An editor for a newspaper in San Francisco was asked to define "news." He thought about it for a moment, then replied that news was anything that made a person say, "Gee whiz!" The editor's name was Arthur Brisbane. He made the comment 100 years ago. It is just as applicable today.
But should it be? Should news be something that elicits such simple-minded, superficial responses? "Gee whiz" is what a person says when he drops his toast onto the kitchen floor and it lands jelly-side down, or when she starts the car and backs out of the driveway, then realizes she left her book-on-tape in the house.
Shouldn't the response to news, real news, be more than that? Shouldn't it be a change in attitude or behavior, a confirmation or refutation of already-held beliefs, a deeper understanding of an issue, a broadening of outlook?
If a news story can do nothing more than make a person say, "Gee whiz!", should it be a news story at all?
Earlier this week, first lady Laura Bush appeared on CNN's Inside Politics and, in response to questions from anchor Judy Woodruff, talked about press coverage of her daughters and their alleged — and underaged — thirst for alcoholic beverages.
"I think that our children ought to be totally left alone and allowed to have a totally private life," Mrs. Bush said. "They're not public citizens. They didn't run for office. And we asked the press early on to give them that opportunity. And to some extent I would say they have, but not like I'd — like I wish they would."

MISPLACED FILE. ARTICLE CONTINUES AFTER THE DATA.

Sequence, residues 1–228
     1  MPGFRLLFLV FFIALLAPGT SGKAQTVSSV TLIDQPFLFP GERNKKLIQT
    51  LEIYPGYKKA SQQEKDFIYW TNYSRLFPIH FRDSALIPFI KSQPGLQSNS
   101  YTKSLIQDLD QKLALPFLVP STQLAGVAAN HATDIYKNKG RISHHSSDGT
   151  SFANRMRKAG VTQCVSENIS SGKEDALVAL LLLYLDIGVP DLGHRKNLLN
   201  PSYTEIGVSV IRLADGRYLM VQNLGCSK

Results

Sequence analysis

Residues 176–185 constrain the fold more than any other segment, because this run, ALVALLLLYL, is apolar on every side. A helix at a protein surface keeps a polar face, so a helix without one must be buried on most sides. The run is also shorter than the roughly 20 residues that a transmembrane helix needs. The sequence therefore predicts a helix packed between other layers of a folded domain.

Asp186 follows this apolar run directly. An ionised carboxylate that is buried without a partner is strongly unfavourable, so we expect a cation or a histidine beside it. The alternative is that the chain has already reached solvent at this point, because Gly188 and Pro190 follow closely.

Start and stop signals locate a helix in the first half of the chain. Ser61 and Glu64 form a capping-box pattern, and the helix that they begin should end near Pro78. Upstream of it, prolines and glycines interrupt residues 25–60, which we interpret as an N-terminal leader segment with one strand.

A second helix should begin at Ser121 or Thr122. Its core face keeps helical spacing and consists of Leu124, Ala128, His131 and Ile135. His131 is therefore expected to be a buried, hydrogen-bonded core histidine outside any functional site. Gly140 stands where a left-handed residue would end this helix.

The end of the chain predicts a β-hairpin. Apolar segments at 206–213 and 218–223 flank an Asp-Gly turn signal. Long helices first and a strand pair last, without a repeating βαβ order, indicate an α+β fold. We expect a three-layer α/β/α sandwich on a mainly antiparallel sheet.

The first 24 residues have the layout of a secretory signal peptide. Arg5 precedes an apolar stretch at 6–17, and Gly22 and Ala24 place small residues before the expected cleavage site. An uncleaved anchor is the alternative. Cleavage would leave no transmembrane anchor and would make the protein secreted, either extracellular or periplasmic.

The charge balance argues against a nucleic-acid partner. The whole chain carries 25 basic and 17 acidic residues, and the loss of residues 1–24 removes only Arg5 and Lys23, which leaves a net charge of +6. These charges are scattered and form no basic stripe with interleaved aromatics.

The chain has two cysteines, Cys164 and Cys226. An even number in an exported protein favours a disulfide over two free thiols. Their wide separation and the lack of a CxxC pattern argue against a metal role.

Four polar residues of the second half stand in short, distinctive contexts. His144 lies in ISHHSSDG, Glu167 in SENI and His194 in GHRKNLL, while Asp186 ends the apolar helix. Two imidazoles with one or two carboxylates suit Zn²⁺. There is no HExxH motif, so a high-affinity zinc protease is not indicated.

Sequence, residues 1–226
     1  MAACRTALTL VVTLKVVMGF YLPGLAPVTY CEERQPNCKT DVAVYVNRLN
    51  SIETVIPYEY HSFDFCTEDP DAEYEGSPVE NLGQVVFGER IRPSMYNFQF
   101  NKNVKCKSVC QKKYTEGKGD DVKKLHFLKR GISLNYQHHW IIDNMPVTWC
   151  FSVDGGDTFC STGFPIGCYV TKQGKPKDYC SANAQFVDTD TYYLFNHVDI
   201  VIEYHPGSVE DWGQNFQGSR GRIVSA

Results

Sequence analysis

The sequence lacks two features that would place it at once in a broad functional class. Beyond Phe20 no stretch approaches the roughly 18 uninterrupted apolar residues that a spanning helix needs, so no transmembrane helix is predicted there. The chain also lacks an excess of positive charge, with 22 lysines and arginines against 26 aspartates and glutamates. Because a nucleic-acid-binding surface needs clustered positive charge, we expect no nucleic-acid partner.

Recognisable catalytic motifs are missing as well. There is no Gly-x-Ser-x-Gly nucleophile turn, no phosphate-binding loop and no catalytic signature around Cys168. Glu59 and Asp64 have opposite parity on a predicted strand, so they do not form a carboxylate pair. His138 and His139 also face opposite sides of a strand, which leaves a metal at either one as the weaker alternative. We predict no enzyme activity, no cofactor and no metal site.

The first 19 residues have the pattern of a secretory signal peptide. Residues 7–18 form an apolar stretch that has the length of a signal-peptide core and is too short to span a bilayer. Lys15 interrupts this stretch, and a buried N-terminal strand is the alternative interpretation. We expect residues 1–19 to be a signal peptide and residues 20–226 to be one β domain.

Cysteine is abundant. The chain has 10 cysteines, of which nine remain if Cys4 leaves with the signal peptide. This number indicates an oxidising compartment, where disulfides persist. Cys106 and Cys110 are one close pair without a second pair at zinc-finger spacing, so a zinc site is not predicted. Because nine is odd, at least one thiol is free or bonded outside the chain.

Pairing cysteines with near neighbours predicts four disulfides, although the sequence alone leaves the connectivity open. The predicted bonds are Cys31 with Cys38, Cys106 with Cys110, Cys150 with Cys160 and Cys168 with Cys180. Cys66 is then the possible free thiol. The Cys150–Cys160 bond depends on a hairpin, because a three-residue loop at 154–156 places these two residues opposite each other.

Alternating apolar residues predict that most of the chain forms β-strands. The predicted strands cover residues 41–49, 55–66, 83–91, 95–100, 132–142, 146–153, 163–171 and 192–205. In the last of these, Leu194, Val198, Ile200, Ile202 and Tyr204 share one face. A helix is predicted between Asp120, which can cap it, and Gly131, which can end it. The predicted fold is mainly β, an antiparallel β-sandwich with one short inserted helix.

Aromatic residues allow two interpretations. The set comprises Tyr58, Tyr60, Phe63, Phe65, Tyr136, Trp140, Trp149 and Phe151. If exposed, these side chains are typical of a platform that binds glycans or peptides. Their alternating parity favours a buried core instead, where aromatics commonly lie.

Later in the interview, Mrs. Bush said that if she and her husband "never saw [their daughters'] picture in the paper again, we'd be a lot happier."
When Woodruff asked why she thought the media were making news of her daughters, she said: "I think that it's selling magazines and newspaper articles and television at the expense of my children."
What Mrs. Bush did not say is that daughter Jenna is in Los Angeles this summer, interning at a TV production house, and that reporters seem to be watching her carefully. Thus Mrs. Bush was not only criticizing the media for previous coverage, but trying to dissuade them from future coverage in case Jenna's thirst should get the better of her.
I remember my reaction the first time I heard that the president's daughters might be guilty of alcohol consumption before they had reached the legal age. I said to myself, "Gee whiz." Note: that's "Gee whiz" without the exclamation point.
But the more I thought about it — and I did not think about it much — the more I thought that "Gee whiz," even without the point, was an overreaction. I had a drink or two when I was too young. So did most of the people who were my friends at the time. We never drank too much. We never got in trouble. None of us is an alcoholic or even an occasional over-imbiber now. It wasn't so much booze that we wanted when we were underage and foolish; it was the excitement of a societally-proscribed experience.
And so it seems to me that Mrs. Bush is right; the media ought to leave her daughters alone. Unless, that is, they go to a dangerous extreme in their drinking, or engage in some other kind of activity that is more harmful than experimental.
But as long as what they're doing is what millions and millions of other people their age have done, whether right or wrong, why cover it? Why waste the time and resources of a Washington Post or USA Today or Fox News Channel?
I do not think that news should be anything that makes a person say, "Gee whiz!" But neither should it be an event that makes a person say, "Ho-hum."